This Month In Social Housing: January 2023
Welcome to the first instalment of our new monthly news-round-up feature This Month In Social Housing. Easing into view via your web browser of choice the last Friday of each month, this short, sharp bulletin will bring you details of all the major happenings within the sector in a nice, easily digestible format. So, without further ado, let’s dive in to January shall we?
Government Issues Damp & Mould Response
Following the tragic passing of Awaab Ashak in Rochdale and the media furore surrounding the events, The Secretary of State for Levelling Up, Housing and Communities, Michael Gove MP, has set out the actions the government is taking in response to the coroner’s report into the toddler’s death. Of the four areas of action proposed, perhaps the most pertinent are the government’s commitment to reviewing the Housing Health & Safety Rating System (HHSRS) and plans to introduce an amendment to the Social Housing Regulation Bill to provide powers to publish a policy statement on tackling serious hazards in social housing, including damp and mould. To learn more about damp and mould and how it affects the social housing sector read our Damp & Mould: A Quick Guide Feature.
Net Zero Review Emphasises Need for Energy Efficient Homes
The independent review of the government’s approach to delivering its net zero target first commissioned in September 2022 has now been published and has highlighted the need for housing providers (including social landlords) to provide energy efficient homes. The review, carried out by the Secretary of State for Business, Energy and Industrial Strategy, Chris Skidmore MP, also shone focus on the vagaries of the current planning system which, it has been suggested, often prevents housing associations from accessing funding schemes such as the Social Housing Decarbonisation Fund. The wide-ranging review contains no less than 129 recommendations, many of which directly concern social housing providers. For further information, you can read the full review on the government website.
NHF and CIH Join Calls for Government to Introduce ‘Social Energy Tariff’
The National Housing Federation (NHF) and Chartered Institution of Housing (CIH) have joined a number of charities and non-profit organisations who, in an open letter to the chancellor, Jeremy Hunt, have urged the government to legislate for a change in energy bills for “those in greatest need to ensure they are able to live in their homes comfortably”.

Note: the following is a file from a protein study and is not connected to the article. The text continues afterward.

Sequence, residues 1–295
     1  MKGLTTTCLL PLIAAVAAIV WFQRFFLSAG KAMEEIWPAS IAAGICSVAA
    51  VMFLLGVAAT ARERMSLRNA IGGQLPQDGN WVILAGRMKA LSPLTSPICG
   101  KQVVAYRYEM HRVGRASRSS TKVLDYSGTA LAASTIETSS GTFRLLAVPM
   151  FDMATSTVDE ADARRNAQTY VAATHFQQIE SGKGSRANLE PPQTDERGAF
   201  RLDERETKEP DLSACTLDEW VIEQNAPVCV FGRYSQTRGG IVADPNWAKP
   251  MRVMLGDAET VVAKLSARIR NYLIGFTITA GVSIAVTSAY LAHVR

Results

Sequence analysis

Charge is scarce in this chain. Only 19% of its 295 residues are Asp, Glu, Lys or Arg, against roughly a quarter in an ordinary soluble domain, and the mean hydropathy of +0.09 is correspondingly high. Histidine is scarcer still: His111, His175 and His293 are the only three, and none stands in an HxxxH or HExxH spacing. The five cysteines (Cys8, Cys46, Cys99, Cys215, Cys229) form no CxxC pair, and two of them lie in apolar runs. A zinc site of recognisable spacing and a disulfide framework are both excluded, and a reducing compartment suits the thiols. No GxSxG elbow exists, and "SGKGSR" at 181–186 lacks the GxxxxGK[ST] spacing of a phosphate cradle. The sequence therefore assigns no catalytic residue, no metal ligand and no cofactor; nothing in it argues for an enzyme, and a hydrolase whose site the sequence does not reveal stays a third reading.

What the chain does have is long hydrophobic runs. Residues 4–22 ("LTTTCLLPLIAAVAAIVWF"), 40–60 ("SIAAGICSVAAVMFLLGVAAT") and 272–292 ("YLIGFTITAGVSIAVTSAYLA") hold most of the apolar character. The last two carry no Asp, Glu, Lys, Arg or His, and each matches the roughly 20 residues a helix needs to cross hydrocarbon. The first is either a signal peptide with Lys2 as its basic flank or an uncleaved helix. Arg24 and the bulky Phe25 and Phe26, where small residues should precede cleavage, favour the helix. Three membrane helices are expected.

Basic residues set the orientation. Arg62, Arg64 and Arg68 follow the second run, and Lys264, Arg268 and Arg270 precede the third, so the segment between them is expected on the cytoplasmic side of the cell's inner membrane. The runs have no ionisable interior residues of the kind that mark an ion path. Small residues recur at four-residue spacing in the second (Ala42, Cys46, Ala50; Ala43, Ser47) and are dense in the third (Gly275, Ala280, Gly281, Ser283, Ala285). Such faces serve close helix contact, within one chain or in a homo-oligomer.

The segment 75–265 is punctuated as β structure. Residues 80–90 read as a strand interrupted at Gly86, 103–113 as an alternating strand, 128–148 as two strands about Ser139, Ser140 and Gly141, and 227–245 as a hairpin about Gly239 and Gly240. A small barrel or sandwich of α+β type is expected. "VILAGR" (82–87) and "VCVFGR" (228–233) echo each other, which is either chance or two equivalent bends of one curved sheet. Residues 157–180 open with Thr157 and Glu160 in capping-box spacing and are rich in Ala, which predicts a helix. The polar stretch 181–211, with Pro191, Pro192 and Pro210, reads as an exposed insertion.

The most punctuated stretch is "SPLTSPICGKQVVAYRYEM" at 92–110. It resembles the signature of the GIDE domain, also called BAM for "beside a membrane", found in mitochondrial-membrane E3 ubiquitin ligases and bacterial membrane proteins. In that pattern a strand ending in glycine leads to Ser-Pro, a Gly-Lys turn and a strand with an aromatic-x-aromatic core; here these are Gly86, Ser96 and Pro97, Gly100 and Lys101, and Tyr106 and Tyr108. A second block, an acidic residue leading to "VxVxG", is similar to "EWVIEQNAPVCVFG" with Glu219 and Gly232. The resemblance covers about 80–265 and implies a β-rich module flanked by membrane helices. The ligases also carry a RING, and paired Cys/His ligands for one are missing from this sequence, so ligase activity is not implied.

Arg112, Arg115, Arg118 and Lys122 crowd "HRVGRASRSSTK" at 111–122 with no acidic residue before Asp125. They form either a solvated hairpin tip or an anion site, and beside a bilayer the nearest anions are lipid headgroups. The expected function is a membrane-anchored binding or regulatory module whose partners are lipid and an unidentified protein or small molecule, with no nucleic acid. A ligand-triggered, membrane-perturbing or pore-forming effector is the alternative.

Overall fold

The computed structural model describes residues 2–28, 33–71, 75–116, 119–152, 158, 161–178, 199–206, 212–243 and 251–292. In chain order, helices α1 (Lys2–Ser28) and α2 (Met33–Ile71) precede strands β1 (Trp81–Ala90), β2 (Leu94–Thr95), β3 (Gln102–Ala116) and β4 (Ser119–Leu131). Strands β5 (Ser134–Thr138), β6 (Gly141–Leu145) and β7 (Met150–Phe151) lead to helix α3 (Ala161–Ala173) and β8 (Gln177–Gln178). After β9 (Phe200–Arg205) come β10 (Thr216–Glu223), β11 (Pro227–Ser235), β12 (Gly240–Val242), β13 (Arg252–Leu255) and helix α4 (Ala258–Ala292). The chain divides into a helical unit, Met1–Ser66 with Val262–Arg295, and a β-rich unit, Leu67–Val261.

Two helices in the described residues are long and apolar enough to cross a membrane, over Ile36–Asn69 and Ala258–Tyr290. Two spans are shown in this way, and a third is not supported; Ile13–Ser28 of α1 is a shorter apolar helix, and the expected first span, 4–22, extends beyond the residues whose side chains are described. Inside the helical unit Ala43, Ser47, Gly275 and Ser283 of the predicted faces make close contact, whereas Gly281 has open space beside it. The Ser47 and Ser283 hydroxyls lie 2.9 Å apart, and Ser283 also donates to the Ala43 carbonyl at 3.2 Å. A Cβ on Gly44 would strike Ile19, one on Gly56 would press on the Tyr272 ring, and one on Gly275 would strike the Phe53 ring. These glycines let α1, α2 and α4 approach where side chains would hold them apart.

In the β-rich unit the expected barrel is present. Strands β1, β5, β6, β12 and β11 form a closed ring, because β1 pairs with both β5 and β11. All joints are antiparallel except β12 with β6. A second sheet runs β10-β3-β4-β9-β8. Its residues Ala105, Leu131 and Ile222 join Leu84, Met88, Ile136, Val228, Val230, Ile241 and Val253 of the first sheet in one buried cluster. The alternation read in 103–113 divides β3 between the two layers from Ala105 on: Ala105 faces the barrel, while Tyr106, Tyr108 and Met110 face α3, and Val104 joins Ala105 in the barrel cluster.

Scottish Social Landlords Expect to Borrow More
The Scottish Housing Regulator’s (SHR) has published its Summary of Registered Social Landlord Financial Projections: 2022-23 – 2026-27 report in which it was revealed that Scottish social landlords expect to increase loan debt to £6.67bn by the end of 2026-27. This increase represents a net rise of £1.3bn across the five-year period and is somewhat higher than the £6.3bn forecast in the 2021 returns to the end of 2025-26. The news comes at a time when Scottish RSLs are having to contend with a number of additional pressures including the need to comply with Holyrood’s Housing 2040 strategy and an incoming raft of tighter financial regulations. Learn more about the challenges faced by Scottish social landlords and potential approaches to overcoming them in our recent How Scottish RSLs can Mitigate Financial Risks in the Current Economic Climate report.
New Housing Minister Required
Last but not least, the UK government is on the lookout its sixth (SIXTH!) incumbent to the role of housing minister following Lucy Frazer MP moving on to the role of culture secretary after just four months in the job. Frazer only took over the housing minister role in October after Rishi Sunak was named prime minister, yet her 105 day spell stint makes her somewhat of a veteran. No fewer than five different Tory politicians held the role in 2022: Christopher Pincher, Stuart Andrew, Marcus Jones and Lee Rowley all had the role before Frazer took over.
Well, that’s January done and dusted. We hope you enjoyed our snappy round-up of what we reckon are the five most noteworthy developments in the world of social housing – if you disagree with our choices then hit us up on Twitter and let us know your thoughts. We’ll be back at the same time next month with more of the same so be sure to head back here for another edition of This Month In Social Housing. Ciao!
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